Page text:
The third definition of open, or How I nearly picked GPL for my product, but ended up simply publishing the source with no license (for now)

There is an urge that every hacker has: to share whatever he creates.

When I got my first day job, the owner of the company explained that he always wanted to run a “fully open-source company” with open accounting and everything. This may seem nuts to a business person, but to me it sounded like the only natural thing to do. I still can’t imagine wanting to run a business any differently.

Fast-forward about 6 years. Apple and Google battling over who’s better at bending the concept of openness, John Gruber making good laughs of that, and me finishing up my first launchable product.

To give you some perspective, for the last 4 years I’ve been trying to get into the product business. My first idea has been to make a killer IDE for Ruby on Rails, with the beauty of TextMate and powerful code analysis and refactoring. I’ve gathered a great team, and it could have been an easy job, but I’ve been way too immature to run a product. While playing with fun stuff, we’ve ran our consulting business right into the ground, found ourselves arguing a lot and separated.

Then a similar thing happens with another idea. I don’t have enough steam to do a big project on my own, so I get a really good partner, and we work for a little while, and then he gets drowned in other work (and me too, trying not to repeat the previous experience), splits up with his wife and leaves for another city. I continue for some time, but a proper launch seems years ahead and I’m hopelessly undermotivated.

Meanwhile, the livereload gem, which we’ve hacked together to make coding up our single-page web app more tolerable, gets pretty popular. I always meant to make a GUI wrapper for it, but since I already had my “startup” as a fun out-of-normal-work project, it was impossible to justify spending time on another fun project which was never going to bring any money.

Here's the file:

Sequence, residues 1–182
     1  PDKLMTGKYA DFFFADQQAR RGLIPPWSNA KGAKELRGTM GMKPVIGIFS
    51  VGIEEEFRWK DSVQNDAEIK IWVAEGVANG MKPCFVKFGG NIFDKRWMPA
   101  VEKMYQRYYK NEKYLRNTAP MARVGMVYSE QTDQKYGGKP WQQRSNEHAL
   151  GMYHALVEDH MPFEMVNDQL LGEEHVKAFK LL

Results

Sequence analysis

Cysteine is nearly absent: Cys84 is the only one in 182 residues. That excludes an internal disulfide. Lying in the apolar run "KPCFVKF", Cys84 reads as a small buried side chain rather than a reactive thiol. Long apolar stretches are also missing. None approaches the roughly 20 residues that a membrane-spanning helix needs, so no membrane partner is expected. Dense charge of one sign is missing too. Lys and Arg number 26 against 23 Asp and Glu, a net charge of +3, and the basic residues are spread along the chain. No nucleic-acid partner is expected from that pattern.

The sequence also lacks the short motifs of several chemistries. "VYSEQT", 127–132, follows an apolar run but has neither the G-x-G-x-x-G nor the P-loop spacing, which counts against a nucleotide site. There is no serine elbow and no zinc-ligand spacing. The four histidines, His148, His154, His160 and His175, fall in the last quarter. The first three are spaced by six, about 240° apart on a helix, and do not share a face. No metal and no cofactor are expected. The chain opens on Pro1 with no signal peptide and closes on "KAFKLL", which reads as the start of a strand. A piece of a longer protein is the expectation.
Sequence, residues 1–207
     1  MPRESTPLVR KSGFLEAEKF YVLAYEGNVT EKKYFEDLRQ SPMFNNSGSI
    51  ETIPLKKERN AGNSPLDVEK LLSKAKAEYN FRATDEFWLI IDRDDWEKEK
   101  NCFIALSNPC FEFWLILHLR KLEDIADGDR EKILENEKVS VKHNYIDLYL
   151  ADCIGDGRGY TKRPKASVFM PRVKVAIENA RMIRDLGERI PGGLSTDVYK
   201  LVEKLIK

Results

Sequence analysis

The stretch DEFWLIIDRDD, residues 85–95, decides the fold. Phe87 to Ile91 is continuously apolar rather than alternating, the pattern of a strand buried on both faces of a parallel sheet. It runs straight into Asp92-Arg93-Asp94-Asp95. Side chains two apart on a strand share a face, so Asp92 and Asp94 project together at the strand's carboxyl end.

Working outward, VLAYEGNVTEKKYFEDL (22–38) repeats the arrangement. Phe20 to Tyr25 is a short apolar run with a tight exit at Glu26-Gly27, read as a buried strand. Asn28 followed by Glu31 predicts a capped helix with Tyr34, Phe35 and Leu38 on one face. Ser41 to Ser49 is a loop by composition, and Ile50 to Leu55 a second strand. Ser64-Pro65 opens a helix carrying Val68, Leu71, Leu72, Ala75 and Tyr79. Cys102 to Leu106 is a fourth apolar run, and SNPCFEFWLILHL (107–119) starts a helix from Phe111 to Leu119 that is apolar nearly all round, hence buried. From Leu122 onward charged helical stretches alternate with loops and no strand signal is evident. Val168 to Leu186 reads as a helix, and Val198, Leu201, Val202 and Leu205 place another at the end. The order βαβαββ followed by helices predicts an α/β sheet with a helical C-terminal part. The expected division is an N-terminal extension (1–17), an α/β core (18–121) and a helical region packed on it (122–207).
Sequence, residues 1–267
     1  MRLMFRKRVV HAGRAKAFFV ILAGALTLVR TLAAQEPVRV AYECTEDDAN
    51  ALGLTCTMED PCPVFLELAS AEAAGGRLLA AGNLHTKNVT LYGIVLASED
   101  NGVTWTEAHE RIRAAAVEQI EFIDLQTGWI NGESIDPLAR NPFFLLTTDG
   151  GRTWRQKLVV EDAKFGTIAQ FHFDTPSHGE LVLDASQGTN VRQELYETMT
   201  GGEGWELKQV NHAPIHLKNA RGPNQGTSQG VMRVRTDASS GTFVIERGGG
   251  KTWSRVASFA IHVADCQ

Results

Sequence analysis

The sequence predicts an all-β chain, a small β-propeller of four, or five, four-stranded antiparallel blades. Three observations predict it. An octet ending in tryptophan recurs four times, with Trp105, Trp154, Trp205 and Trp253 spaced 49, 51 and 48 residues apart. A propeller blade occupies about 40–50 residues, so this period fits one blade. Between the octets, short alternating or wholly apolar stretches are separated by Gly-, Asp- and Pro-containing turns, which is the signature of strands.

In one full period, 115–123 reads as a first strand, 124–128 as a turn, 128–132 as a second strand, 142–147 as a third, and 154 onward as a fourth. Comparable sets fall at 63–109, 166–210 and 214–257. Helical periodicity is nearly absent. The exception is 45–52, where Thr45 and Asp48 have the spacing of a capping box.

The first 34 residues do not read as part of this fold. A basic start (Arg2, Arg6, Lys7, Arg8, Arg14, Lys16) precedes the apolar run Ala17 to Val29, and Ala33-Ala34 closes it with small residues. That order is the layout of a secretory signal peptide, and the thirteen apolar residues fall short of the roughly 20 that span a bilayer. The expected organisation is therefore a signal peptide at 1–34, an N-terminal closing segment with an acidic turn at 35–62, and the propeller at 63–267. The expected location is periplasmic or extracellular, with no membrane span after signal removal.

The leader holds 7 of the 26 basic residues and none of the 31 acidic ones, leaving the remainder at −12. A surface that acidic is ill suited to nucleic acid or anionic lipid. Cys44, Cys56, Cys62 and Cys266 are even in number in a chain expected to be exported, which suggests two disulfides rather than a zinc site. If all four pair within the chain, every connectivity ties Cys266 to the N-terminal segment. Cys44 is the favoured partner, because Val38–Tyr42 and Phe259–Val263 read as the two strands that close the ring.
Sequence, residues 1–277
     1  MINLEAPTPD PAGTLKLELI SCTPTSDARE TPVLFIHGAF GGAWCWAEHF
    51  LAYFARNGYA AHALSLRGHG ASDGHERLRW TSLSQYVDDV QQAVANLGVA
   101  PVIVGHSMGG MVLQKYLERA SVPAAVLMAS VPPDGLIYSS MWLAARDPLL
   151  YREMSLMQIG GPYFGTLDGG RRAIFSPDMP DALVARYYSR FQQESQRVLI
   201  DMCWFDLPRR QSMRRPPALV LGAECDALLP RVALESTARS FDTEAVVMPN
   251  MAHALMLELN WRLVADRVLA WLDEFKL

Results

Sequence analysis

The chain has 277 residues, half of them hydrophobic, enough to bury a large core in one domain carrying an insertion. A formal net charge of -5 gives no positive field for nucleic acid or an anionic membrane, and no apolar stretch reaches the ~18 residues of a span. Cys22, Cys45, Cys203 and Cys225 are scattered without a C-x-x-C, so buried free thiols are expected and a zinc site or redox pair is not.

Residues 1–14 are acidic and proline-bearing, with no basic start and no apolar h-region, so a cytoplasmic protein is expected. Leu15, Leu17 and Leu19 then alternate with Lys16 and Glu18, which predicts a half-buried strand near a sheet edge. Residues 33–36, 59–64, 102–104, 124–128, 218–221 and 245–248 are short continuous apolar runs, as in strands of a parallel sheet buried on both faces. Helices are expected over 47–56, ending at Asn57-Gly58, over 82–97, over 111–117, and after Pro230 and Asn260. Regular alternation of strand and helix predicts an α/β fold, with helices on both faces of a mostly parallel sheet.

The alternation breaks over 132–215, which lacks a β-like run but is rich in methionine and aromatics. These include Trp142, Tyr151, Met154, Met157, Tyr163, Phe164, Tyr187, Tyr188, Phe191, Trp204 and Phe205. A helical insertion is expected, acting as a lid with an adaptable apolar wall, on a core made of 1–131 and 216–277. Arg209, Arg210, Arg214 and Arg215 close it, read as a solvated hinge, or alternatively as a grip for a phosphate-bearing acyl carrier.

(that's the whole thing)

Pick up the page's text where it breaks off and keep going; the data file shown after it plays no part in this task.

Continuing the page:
What all of that boils down to, is: there are ideas I really want to implement, but doing that while also doing contract work leads both into wrecks. I also have a wife, a 7-year-old daughter and expecting a second child soon, so I need money to live on — and not just pizza-and-ramen kind of money; I feel oblidged to provide a decent lifestyle to my family.

So I decide that LiveReload GUI app could be the middleground I am looking for. A small app I have time to develop and launch, bringing in the additional income which might allow me to partly ramp down on consulting and get more awesome things into the world.

Well that, and I’m really pissed with having to baby-sit the livereload gem every time I want to fix a bunch of styles on a web page.

So LiveReload 2 is really about the money. I don’t want to risk that goal, but I still believe sharing is right, so I email Richard Stallman asking to talk me into going open-source.

His response has been great and led me to carefully think through my values, but on the other hand it completely missed the point for me. See, GPL is very clear-cut when dealing with large companies (which will surface in just a few moments) and their questionable intents. They want to screw us over, we defend and screw them in return.

Where this system breaks down is a community where an absolute majority of people have good intentions, something that indie/early-stage-startup community qualifies for in my opinion. I’d certainly prefer to work on great things for free, and whatever resources and occasional luxuries we need to magically materialize themselves. The fact that people work best when they don’t need to think about money is pretty well-studied.